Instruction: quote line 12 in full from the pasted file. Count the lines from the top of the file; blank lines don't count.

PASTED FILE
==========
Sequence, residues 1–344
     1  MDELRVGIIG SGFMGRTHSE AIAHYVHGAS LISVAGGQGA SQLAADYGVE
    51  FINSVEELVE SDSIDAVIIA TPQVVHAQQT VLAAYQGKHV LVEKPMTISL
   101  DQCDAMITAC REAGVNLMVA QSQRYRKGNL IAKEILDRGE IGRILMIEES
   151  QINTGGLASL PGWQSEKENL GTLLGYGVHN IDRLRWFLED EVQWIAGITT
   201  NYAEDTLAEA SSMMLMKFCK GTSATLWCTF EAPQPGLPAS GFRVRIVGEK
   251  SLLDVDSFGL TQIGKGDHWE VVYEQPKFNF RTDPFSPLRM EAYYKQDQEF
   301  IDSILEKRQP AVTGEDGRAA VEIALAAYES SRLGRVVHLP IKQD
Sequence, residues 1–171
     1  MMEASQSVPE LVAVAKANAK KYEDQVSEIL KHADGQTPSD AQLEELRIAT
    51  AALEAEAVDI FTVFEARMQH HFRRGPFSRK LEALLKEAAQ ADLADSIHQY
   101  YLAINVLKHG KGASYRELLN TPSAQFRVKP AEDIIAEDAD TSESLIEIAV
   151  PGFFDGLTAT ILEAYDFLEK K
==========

   101  YLAINVLKHG KGASYRELLN TPSAQFRVKP AEDIIAEDAD TSESLIEIAV